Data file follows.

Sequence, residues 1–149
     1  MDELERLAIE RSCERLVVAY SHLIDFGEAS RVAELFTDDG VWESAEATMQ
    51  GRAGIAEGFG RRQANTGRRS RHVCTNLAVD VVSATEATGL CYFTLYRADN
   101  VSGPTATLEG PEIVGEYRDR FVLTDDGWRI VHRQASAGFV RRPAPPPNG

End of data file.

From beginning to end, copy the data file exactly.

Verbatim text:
Sequence, residues 1–149
     1  MDELERLAIE RSCERLVVAY SHLIDFGEAS RVAELFTDDG VWESAEATMQ
    51  GRAGIAEGFG RRQANTGRRS RHVCTNLAVD VVSATEATGL CYFTLYRADN
   101  VSGPTATLEG PEIVGEYRDR FVLTDDGWRI VHRQASAGFV RRPAPPPNG